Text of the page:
Tuesday, November 10, 2009

Mixing it Up—Natives, Nativars and Exotics

Barney, my adorable golden retriever, and I squeezed in a few walks in Forest Park between rain showers last week. Looking at the native plants that thrive along the hiking trails, I was once again inspired to add some natives to join my “exotic” ornamentals, this time in a newly planted shady area of the garden. I transplanted some Oxalis (Wood Sorrel) and added a chartreuse-leaved current (Ribes aureum, perhaps) and several variegated fringe cups (Tellima grandiflora ‘Forest Frost’). I also bought a bunchberry (Cornus canadensis) for the first time. The leaves and bright red berries on these plants smell like wintergreen (!), one of my favorite scents. I’m not certain my garden soil is rich or moist enough for it, but we’ll see what happens. I still want to add sword fern, Vancouveria, Maidenhair fern and wild ginger.

My tendency is to plant one or three of a variety because I’m a sucker for a wide variety of plants, but I think I should pause and heed Mother Nature’s planting plan by planting natives in larger swaths. I find the forest environment to be soothing so translating that to my garden makes sense, right?

Most garden centers carry native species. A few specialize in natives, including the following:

Willamette Gardens
3290 SW Willamette, Corvallis

Echo Valley Natives
18883 S Ferguson Rd., Oregon City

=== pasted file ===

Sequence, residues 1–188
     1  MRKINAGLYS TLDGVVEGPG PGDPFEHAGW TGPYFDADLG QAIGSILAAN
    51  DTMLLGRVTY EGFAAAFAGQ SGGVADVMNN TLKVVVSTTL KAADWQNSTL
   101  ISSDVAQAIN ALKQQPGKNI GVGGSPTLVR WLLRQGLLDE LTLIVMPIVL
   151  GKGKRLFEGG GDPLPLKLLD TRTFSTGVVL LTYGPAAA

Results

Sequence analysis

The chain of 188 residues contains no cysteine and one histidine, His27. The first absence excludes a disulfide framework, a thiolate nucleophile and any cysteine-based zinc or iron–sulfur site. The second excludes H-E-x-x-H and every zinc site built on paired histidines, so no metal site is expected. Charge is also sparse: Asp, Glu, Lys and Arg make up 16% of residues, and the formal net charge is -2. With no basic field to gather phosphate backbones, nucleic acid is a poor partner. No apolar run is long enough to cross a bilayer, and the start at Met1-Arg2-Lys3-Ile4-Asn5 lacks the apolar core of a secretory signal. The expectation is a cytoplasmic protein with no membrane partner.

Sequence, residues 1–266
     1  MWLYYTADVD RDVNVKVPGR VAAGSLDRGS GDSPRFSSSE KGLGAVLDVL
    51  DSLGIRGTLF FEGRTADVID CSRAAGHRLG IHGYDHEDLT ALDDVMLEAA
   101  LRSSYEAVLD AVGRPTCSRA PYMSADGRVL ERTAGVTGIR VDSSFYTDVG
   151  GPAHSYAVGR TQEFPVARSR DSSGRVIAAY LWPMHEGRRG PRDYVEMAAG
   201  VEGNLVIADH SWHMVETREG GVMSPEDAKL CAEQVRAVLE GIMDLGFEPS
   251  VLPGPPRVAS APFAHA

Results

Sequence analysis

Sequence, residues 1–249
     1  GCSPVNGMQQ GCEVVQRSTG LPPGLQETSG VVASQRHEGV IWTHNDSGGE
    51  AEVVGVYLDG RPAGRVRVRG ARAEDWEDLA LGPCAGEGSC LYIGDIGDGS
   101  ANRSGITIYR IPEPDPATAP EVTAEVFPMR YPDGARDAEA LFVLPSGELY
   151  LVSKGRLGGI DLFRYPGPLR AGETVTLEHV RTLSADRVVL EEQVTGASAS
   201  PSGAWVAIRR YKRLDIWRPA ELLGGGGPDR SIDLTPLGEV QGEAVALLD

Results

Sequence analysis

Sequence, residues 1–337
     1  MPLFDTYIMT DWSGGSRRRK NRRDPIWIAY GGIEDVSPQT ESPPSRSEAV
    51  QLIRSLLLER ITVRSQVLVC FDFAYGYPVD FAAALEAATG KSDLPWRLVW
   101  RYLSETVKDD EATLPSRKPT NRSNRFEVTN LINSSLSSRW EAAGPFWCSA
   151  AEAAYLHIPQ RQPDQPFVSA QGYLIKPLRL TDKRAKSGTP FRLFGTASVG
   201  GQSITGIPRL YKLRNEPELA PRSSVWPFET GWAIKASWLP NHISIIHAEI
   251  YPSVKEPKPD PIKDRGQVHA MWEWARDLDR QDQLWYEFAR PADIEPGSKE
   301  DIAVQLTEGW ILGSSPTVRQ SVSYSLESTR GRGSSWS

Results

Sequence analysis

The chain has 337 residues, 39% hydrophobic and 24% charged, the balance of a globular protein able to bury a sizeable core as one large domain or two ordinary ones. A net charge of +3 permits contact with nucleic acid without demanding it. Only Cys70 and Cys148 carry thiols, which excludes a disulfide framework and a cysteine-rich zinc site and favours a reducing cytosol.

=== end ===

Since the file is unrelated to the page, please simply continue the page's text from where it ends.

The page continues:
Bosky Dell Natives Inc.
23311 SW Bosky Dell Ln., West Linn

Looking at the list of native plant lists on the Web sites of these nurseries makes me realize that I have a fair number of natives and “nativars”* incorporated through my yard. Some I added specifically because they were natives, vine maple and milkweed, for example. Others were added because I thought they were great looking plants and they just happened to be natives (Scarlet Pearl snowberry comes to mind). What natives or “nativars” are in your garden?

* Lisa Albert introduced me to the term “nativar,” which is a cultivar of a native species. Lisa is a freelance garden writer and is knowledgeable about native plants. She authored the “Gardening with Native Plants” flashcards sold through The Berry Botanic Garden (www.berrybot.org/pubs/flashcard.html). Hopefully, “nativars” provide the same benefits to our native wildlife as the species, just with a few extra bells and whistles.


  1. Regarding bunchberry, I think it was the Sunset garden book that recommended planting a piece of partly rotted wood or bark in the soil next to the plant. I can't find my SG book at the moment or I'd look it up for you. I understand these plants can be difficult to establish, so any little thing might help it along. Let us know how it goes!

  2. Thanks for the suggestion! I'll give it a try...and I'll check my Sunset Garden Book. I did use planting compost in the hole. The other day I saw the bunchberry used as a full sun ground cover in a commercial installation. I was shocked and surprised that they look quite happy in their location. Don't have any idea how long the planting has been in place.